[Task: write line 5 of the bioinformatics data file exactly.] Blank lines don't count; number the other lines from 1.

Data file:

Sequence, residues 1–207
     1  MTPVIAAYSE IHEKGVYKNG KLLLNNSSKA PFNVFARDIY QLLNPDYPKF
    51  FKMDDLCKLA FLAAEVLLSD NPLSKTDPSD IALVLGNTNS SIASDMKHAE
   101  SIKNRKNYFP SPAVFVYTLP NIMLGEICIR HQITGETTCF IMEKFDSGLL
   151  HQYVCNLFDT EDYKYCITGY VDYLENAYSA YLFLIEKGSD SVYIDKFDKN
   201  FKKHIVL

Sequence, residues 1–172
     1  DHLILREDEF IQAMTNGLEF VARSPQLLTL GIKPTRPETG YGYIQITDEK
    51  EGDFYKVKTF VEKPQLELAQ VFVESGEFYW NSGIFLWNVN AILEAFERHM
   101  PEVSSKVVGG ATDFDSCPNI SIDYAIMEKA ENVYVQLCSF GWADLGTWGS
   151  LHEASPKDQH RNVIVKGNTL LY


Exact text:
   151  HQYVCNLFDT EDYKYCITGY VDYLENAYSA YLFLIEKGSD SVYIDKFDKN